The likelihood of decision makers from the world’s largest firms investing abroad has declined for the first time since the Asian crisis. This is according to the management consultants AT Kearney’s FDI Confidence Index, an annual survey of CEOs, CFOs and other executives of 1,000 global firms.

The index score – a GDP-weighted benchmark for the likelihood of FDI – has fallen from 1.43 to 1.38, the lowest level since the survey began in June 1998. The pessimism is deep-rooted with 47% of those surveyed negative on the outlook of the global economy compared with just 9% in January 2000.

Global and regional trade agreements were identified for the first time as likely to affect investment decisions. Two-thirds of executives saw the faltering of trade initiatives as having an adverse affect on FDI. As the report states: “Trade openness directly affects corporate operations... Without government commitment to maintain open trade and capital flows, the pace of globalisation may falter.”

Protectionist policies adopted by the US in the steel industry, leading to increasingly strained relations with Europe, are affecting trade negotiations and could affect the next World Trade Organisation (WTO) Round. The Free Trade Area of the Americas has hit some stumbling blocks with Brazil aiming for more continental integration and US policy-makers finding it difficult to make concessions on agricultural issues.

Dr Supachai Panitchpakdi, the new director general of the WTO recently expressed the need to maintain multilateral negotiations: “It is essential these deadlines [for Doha] be met and that these talks stay on course. In an uncertain and divided world, development of a common trade rules and principles for the 21st century is vital.”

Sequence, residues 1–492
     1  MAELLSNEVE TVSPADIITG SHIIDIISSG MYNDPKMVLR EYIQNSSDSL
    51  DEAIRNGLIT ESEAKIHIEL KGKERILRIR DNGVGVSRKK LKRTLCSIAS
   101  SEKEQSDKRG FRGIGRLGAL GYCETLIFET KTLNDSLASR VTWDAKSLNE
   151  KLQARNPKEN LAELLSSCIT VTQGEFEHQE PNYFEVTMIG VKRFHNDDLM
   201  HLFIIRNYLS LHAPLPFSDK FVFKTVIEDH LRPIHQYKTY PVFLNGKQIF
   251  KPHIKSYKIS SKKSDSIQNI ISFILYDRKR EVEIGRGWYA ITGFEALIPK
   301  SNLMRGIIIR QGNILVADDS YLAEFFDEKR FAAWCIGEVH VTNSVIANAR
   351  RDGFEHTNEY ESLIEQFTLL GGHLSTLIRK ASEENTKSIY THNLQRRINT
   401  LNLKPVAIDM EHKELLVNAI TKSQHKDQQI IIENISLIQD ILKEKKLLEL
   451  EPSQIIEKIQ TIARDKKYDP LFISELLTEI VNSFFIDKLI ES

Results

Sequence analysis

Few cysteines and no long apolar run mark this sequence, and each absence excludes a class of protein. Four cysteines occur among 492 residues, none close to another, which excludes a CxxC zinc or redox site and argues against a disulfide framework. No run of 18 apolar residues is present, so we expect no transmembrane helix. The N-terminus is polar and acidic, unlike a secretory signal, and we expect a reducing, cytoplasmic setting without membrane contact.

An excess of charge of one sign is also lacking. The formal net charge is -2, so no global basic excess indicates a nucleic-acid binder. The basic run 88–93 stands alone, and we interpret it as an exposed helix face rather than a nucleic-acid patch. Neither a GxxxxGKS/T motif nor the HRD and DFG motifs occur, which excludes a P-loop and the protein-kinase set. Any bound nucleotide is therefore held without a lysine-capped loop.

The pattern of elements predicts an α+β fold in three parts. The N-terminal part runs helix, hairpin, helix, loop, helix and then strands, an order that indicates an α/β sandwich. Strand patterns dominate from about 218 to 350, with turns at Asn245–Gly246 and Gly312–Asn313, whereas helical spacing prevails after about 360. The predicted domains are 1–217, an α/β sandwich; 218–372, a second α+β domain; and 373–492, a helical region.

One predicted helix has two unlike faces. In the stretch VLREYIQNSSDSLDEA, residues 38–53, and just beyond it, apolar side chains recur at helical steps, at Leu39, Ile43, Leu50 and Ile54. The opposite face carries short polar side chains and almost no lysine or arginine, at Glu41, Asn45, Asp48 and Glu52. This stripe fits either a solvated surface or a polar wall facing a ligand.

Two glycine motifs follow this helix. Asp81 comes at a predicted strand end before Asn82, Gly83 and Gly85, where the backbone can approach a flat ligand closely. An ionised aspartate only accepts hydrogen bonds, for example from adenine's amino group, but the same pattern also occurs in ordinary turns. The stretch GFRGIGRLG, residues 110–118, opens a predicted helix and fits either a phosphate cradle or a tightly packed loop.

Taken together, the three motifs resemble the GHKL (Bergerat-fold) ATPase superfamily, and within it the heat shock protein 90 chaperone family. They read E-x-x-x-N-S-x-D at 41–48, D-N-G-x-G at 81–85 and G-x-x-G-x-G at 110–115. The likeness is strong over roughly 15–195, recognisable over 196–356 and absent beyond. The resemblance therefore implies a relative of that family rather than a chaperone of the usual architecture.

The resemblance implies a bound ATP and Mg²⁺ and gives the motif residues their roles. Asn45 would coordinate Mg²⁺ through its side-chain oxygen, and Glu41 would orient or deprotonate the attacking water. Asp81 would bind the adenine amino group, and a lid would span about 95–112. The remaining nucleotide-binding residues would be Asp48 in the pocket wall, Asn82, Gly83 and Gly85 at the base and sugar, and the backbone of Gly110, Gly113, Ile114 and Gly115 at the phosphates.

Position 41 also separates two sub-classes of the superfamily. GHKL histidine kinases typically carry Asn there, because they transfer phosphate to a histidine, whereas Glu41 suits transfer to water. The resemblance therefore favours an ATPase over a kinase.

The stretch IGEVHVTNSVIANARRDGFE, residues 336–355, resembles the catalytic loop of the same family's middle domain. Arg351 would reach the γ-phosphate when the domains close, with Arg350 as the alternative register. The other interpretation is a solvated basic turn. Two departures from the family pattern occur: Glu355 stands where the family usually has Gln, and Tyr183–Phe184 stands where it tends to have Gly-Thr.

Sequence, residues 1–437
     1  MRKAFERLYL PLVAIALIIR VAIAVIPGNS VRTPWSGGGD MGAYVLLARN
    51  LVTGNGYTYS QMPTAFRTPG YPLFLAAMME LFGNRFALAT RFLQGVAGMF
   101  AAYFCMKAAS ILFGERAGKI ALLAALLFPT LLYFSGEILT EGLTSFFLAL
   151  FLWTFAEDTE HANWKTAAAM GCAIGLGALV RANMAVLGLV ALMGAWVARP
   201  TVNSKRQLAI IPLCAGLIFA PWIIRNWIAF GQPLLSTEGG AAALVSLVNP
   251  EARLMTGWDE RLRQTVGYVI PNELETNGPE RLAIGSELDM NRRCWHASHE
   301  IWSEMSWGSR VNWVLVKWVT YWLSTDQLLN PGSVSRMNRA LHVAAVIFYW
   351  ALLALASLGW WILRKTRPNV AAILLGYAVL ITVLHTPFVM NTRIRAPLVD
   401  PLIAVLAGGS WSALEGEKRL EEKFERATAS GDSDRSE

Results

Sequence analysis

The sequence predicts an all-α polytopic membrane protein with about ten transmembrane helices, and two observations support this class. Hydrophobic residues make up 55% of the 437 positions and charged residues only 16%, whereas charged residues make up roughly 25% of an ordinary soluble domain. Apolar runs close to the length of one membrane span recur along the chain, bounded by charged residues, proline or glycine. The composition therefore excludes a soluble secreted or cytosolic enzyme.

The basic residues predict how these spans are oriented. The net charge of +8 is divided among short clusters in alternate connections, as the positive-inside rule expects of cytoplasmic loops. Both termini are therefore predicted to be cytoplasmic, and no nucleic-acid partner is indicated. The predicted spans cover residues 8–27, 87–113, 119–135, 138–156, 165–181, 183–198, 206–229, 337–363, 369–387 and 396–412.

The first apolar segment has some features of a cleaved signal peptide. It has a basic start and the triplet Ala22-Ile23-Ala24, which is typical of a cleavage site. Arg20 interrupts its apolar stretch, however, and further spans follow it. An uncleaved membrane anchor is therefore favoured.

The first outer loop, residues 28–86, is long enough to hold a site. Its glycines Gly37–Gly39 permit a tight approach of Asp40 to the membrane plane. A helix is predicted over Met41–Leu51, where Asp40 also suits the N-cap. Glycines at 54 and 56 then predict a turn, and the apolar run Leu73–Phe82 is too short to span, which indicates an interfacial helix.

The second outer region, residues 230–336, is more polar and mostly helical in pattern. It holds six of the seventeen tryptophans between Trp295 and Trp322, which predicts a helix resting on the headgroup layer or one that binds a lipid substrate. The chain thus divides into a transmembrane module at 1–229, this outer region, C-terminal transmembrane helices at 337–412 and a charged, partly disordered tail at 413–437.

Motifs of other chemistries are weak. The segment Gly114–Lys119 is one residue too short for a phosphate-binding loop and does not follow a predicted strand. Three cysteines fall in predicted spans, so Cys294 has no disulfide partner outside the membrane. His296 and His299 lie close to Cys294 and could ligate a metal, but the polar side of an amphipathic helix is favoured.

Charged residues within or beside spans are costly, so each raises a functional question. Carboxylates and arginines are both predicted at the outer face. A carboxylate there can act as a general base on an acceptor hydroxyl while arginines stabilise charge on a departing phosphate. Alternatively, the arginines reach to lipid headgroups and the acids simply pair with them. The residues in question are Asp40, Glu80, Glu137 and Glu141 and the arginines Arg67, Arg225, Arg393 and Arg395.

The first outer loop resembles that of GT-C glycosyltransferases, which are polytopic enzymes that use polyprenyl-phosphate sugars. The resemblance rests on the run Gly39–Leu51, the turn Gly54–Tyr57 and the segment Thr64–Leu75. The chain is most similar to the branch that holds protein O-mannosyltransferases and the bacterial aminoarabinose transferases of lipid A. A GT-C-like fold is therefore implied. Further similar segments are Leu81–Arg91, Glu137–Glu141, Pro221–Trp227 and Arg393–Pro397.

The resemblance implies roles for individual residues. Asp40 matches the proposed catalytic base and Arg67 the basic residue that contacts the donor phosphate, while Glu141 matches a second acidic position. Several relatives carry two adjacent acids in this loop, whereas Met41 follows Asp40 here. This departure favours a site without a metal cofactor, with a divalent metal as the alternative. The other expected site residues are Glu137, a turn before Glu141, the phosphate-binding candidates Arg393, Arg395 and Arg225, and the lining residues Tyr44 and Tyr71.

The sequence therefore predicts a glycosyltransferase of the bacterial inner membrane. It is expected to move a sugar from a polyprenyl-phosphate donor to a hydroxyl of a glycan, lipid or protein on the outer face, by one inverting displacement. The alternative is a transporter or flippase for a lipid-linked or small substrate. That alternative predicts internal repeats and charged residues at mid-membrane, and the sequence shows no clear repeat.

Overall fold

Paul Laudicina, vice president and managing director of AT Kearney’s Global Business Policy Council, agreed: “The simultaneous deceleration of all the major economies only underscores the greater need on the part of policy-makers to boost trade expansion rather than succumb to

protectionist tendencies”.

Mr Laudicina pointed out that these latest results were an improvement on a study conducted shortly after September 11, when 95% of respondents expressed negative views. “While corporate investors’ attitudes are not restored to pre-9/11 levels, they have rebounded from the grim view of the world we detected last October,” Mr Laudicina said.

However, things do not look that hopeful as the study also reveals the overwhelming factor determining FDI decisions globally is the state of the US economy, with 91% seeing it as the most influential factor on an investment decision.

China is viewed as the top FDI destination for the first time while the US falls into second place. The latter has suffered a 60% decline in FDI in the last year due to the state of its economy, stock market volatility and corporate scandals.

Investors continue to see European countries as good investment locations, particularly eastern Europe and Russia, which achieved the highest individual improvement. Regional trends are very evident with Latin America suffering knock-on effects from the Argentine crisis. Brazil and Mexico have both been affected with Brazil falling from third-most desirable investment location to thirteenth.